EDMONDS — Mayor Mike Nelson selected acting police chief Michelle Bennett as the city’s permanent chief Thursday.
“Oh my gosh — we had a good group of candidates but she really knocked it out of the park,” said City Council President Susan Paine. “I really appreciate all of her leadership and thoughtfulness in addressing community issues. She really has stepped up into a job she had no guarantee for.”
The City Council is to vote to confirm the mayor’s pick during next Tuesday’s council meeting.
Councilmember Diane Buckshnis said she’s very excited about Bennett’s appointment.
“I’ve heard just remarkably good stuff about her and I think that’s wonderful,” she said.
Bennett, who has three decades of service under her belt, stepped into the interim police chief role in March after acting chief Jim Lawless left for a position in Marysville.
Lawless had been named a finalist in the city’s search to replace longtime Chief Al Compaan, but Mayor Mike Nelson instead appointed Sherman Pruitt, chief of police for the Sauk-Suiattle tribe near Darrington.
The decision was later reversed because Pruitt did not disclose that he had applied for a position with the Lake Stevens Police Department and was rejected following a background check, according to a letter from the mayor retracting the offer.
“To me, the challenge is interesting,” Bennett said. “Because, you have all the right pieces — with these great people — and now structuring it in this new legislative world … that’s exciting to be able to do that from the ground up, to do it with the input from great people and to be innovative.”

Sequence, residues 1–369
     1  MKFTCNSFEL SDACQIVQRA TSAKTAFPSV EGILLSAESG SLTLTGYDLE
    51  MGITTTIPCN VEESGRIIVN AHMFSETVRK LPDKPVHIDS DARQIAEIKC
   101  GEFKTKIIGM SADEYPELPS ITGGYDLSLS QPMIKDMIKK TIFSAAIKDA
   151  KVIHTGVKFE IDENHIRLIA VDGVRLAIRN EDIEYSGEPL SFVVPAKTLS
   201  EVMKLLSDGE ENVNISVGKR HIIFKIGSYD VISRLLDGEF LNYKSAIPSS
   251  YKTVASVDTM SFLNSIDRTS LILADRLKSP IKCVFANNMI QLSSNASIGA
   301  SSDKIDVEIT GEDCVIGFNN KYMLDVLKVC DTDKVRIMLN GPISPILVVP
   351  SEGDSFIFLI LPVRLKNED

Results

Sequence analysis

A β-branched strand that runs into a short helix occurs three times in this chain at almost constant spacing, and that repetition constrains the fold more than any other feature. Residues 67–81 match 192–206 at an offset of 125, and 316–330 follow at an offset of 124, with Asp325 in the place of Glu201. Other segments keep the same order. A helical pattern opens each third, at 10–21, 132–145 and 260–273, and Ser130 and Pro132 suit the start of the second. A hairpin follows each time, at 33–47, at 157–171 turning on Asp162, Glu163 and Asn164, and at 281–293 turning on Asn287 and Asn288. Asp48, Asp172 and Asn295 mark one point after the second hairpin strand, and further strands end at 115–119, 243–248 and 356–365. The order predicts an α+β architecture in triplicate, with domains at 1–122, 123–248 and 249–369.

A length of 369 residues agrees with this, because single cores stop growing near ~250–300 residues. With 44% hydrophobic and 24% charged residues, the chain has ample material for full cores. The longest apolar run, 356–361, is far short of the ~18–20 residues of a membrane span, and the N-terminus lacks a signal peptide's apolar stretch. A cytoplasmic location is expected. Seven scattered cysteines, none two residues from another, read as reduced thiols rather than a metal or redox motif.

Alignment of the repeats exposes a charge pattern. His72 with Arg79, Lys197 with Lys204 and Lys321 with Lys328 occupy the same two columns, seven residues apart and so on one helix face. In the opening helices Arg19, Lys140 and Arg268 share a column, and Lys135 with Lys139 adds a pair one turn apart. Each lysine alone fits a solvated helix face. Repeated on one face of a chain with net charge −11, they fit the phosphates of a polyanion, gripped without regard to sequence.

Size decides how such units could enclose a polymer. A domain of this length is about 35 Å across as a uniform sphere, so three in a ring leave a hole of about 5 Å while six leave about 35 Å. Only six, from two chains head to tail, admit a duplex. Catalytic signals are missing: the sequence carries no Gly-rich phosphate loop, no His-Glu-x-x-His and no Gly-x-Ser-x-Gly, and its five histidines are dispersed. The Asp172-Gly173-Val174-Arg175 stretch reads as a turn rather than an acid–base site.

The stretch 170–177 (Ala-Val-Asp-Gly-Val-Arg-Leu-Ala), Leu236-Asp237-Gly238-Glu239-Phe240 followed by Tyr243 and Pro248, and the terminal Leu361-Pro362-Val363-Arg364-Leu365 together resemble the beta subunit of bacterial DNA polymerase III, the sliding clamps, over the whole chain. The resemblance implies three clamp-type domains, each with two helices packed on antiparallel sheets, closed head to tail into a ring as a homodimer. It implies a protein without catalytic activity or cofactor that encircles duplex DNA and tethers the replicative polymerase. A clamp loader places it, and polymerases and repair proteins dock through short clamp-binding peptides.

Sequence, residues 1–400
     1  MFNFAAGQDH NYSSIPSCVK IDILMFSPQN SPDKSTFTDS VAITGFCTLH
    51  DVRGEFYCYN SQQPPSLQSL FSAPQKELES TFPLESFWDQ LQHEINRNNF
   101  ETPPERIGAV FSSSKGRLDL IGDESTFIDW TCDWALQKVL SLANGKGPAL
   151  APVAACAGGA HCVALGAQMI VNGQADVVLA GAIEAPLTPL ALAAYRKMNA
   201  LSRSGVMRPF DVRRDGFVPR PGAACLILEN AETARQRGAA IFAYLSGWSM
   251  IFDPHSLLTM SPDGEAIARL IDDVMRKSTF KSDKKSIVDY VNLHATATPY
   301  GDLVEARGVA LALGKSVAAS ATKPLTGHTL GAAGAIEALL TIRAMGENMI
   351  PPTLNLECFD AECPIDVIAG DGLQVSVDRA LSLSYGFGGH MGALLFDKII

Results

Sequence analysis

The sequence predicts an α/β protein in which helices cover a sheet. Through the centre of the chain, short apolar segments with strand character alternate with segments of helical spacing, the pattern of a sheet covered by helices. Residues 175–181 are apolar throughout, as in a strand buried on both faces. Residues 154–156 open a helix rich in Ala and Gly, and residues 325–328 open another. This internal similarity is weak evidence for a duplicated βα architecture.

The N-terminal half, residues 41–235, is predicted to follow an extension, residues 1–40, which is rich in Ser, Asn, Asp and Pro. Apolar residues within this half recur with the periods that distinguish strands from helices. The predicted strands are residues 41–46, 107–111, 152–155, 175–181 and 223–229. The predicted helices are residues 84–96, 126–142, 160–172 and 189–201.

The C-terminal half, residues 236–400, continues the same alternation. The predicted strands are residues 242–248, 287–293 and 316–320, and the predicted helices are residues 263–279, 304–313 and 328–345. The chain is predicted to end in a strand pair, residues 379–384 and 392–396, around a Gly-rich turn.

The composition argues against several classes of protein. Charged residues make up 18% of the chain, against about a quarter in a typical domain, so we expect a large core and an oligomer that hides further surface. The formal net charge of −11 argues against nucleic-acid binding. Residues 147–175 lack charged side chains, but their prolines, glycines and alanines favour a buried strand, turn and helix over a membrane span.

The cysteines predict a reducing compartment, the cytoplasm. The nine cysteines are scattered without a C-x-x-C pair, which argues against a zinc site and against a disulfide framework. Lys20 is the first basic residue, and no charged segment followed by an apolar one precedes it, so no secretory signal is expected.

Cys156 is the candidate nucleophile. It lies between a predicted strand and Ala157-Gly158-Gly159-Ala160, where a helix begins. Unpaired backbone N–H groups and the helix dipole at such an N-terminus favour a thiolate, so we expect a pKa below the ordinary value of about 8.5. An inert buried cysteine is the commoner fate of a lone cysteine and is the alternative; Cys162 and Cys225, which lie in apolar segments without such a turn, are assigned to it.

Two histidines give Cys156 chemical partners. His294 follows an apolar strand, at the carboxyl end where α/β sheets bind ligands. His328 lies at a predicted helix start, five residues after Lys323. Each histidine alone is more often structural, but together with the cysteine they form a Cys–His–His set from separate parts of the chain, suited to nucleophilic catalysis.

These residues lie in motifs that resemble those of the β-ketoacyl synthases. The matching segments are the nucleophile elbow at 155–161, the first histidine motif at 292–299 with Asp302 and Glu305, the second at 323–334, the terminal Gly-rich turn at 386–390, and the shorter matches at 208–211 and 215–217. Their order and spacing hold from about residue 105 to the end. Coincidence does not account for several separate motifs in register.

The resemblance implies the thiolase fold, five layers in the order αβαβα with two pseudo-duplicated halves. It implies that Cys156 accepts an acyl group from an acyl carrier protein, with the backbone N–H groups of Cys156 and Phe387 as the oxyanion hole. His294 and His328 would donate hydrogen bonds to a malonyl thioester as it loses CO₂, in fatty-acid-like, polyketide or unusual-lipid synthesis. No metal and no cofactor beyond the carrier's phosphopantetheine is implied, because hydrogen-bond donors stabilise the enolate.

Paine said she is excited to see what Bennett can do with the department.
After serving in various leadership capacities at the King County Sheriff’s Office since 1990 — including chief of police for the city of Maple Valley and, later, for the city of Sammamish — Bennett has returned to the department where she got her start as a cadet.
Her appointment is “kind of full circle going back to where I started law enforcement,” Bennett said during a public meet-and-greet.
During her tenure at the King County Sheriff’s Office, she helped draft the department’s body camera and in-car camera policies, started community coalitions and supported partnerships between schools, law enforcement and nonprofits to address opioid use.
While serving as Edmonds’ interim chief, Bennett has helped the department implement new policies related to state House Bills 1310 and 1054, which established new use-of-force standards and limited the use of vehicle pursuits and neck restraints.
“She really does understand 21st century policing,” Paine said.
Bennett has a bachelor’s degree in law and justice, a master’s of science in psychology/organizational development and behavior, and a doctorate in education. She has taught courses in criminal justice at Shoreline Community College, Highline Community College, Northwest College in Kirkland and Central Washington University.
Bennett was identified as a finalist in a national search conducted by the International Association of Chiefs of Police. Candidates were evaluated on their communication, interpersonal insight, problem solving, judgment, decisiveness, planning and delegation.
The finalists participated in public interviews with City Council members and met the public.
“Since stepping into the role of Acting Police Chief, Ms. Bennett has displayed her community-minded approach to policing that reflects our Edmonds values of safety, care, and compassion,” Mayor Nelson said in a written statement.
The mayor did not return a Daily Herald reporter’s phone call Thursday.
Isabella Breda: 425-339-3192; email@example.com. Twitter: @BredaIsabella.